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May 5, 2011
Ask the experts: Final thoughts on 2011
Rivals.com basketball recruiting analysts Jerry Meyer and Eric Bossi weigh in on four current topics.
Now that you've released the final 2011 Rivals rankings, what single thing most stands out about that class?
Bossi: What stands out for me is that it reminds me of the class of 2005. What I mean is that it is a decent class that will produce some good college players and plenty of guys will eventually make the NBA. However, I think that it is a bit down in potential "stars" at either the college or NBA levels.
Meyer: The 2011 class is better than people anticipated it to be. There isn't that surefire superstar in the class, but there is great depth through each of the star rankings. At the bottom of the five-star range are some prospects that could be strong pros. It was difficult to order the four-stars because there is strong parity in how those guys project as college players. And there are about 100 guys who could arguably be ranked as three-star prospects.
Who was the most difficult player to rank in that class and why?
Bossi: For me personally it's Quincy Miller. I like what he brings to the table a lot and think that he's a very versatile four-man on the college level. I also think that he's going to put in the work to add strength and improve on his areas of weakness for college and beyond. Unfortunately, though, he lost his senior season due to an ACL injury and it made it awfully tough to compare him with others, not being able to get a more recent look at him. That entire section of LeBryan Nash, Miller and James McAdoo was really tough to rank.
Meyer: Marquis Teague and LeBryan Nash were tough for me. Both of these prospects have what you look for physically to be a dominant player at their positions. You can easily see them translating to the NBA as a point guard (Teague) and wing player (Nash) with their size, strength, athleticism and skill set. But at the same time there so often seems to be something missing in their game. I never feel that lack of intangibles or competitive greatness in Mike Gilchrist. Teague and Nash are more physically talented than Gilchrist, but you just can't say they are better because of this missing element. I'm really hoping they discover this element within themselves as they progress as players.
What's one thing you've started changing your mind about after the last few weeks of live coverage?
Bossi: When you spend as much time in the gym as we do watching players, you think about a lot of things. How to tweak the evaluation process, which game you need to see next, who you need to interview, who needs a picture on his profile: All questions going through your mind. Bottom line, there's a lot to keep track of. With that in mind, I've realized that multi-court facilities where we can see more kids have become a necessity. However, I've also realized that I much prefer evaluating in a gym where there is only one game that I can actually see on the floor in front of me. The entire setup of the six-, eight- and even 12-court facilities while providing access to lots of kids, also adds significantly to the number of potential distractions. I think being able to focus is important and for that reason I'll be doing my best to stick to single gyms where I can from here on out.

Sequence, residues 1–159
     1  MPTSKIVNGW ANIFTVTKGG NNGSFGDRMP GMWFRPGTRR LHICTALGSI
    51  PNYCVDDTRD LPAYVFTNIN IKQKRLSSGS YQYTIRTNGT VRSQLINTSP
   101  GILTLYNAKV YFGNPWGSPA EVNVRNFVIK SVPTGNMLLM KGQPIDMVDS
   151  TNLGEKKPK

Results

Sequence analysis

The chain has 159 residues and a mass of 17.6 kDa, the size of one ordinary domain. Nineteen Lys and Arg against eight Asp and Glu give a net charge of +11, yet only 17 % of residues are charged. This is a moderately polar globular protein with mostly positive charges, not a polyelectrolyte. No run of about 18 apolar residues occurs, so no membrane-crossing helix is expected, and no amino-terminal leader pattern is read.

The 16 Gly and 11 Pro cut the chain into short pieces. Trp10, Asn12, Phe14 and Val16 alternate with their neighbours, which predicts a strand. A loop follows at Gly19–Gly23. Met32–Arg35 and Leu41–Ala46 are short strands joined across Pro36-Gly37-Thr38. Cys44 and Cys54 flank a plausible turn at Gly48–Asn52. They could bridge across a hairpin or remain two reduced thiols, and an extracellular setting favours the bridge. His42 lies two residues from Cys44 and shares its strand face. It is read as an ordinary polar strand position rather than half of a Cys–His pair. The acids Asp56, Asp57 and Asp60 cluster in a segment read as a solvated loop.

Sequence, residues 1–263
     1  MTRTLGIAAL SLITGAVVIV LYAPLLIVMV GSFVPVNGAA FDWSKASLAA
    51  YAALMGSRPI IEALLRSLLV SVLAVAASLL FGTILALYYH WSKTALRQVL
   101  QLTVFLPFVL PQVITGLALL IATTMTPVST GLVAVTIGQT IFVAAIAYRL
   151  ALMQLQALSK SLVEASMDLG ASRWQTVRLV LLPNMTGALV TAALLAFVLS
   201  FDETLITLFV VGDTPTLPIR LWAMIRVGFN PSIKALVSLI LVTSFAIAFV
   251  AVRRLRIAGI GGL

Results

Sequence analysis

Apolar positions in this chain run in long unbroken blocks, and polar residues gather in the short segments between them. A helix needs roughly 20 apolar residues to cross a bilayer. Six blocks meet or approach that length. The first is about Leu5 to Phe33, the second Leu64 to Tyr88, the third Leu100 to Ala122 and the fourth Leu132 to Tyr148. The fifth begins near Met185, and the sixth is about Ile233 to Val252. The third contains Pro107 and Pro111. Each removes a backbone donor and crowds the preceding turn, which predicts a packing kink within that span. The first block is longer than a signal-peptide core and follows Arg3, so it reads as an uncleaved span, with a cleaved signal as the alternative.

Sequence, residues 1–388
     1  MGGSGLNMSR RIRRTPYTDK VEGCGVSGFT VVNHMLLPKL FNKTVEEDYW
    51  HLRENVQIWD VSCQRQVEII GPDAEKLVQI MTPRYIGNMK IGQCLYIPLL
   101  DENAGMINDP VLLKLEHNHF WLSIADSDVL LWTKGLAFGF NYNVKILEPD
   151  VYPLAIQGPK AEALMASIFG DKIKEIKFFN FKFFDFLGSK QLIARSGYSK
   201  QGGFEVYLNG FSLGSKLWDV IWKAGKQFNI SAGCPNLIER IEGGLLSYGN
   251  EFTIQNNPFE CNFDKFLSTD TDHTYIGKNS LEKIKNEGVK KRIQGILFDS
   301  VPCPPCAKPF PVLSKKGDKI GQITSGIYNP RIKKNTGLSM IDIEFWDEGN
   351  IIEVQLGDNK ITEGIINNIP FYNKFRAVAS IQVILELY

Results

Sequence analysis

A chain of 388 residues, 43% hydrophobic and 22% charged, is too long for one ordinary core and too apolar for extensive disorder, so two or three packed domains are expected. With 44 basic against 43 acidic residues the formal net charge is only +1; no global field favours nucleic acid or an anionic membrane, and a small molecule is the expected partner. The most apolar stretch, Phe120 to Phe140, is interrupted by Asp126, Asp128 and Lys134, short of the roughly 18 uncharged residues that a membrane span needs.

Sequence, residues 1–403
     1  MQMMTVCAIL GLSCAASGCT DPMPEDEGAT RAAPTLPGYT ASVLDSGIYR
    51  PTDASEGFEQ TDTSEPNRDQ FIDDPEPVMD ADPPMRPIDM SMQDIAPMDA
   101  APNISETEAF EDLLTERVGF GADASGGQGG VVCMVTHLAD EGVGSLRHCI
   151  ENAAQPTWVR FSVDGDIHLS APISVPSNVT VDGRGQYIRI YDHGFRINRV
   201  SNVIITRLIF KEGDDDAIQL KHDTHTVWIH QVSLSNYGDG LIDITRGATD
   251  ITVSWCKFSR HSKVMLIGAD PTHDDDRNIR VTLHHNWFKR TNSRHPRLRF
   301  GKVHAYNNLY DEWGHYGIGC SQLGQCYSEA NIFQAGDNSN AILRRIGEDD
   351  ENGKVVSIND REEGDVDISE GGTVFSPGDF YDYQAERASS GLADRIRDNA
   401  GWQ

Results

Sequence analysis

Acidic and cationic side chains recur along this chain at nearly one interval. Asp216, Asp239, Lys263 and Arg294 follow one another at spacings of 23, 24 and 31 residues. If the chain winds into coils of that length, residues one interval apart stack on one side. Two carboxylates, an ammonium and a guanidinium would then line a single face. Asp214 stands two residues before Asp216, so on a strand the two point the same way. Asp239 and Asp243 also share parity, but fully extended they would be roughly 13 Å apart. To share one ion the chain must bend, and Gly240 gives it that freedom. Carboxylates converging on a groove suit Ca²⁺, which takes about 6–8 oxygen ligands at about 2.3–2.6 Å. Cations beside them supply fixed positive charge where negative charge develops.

Meyer: I'm starting to think a lot of prospects with heavy hype in the 2012 class aren't as good as a lot of prospects in the class who don't have as much hype. Every year I go through this process, but it seems to really apply to this class. Hopefully our upcoming rankings will fight through the hype machine and give a high-quality perspective on these prospects' true talents.
Blake Griffin easily won the NBA's rookie of the year on Wednesday. What do you remember about him as a high school player?
Bossi: This is pretty funny. I remember seeing him play for the first time with Athlete's First between his sophomore and junior seasons of high school at the Nike Memorial Day Classic in New Orleans. At the time, he was probably only about 6-foot-6 and they were trying to play him as a small forward. I remember thinking that it would never work because it was clear the kid was more suited to play the four. I thought at the time that he would be an upper end mid-major to lower end high-major prospect. By the same time the next year, he'd grown a few inches, was playing pretty much exclusively on the interior and was dunking everything in sight. By the end of his senior year at the 2007 McDonald's All-American game it was clear that he was going to be an NBA player quickly, but nobody could have predicted he would keep developing like he has. An interesting side note, that Athlete's First team from May of 2005 featured current St. Louis Rams QB Sam Bradford who, of course, was one of five finalists for the NFL's Rookie of the Year this past season.
Meyer: I remember how physically imposing he was. He didn't always assert himself like he does now, but when Griffin wanted to make a play it was going to take an epic effort by someone to prevent him from making that play. The success of Griffin has given me a better appreciation for explosive athleticism and relentless effort. He also taught me that a prospect can learn to play harder.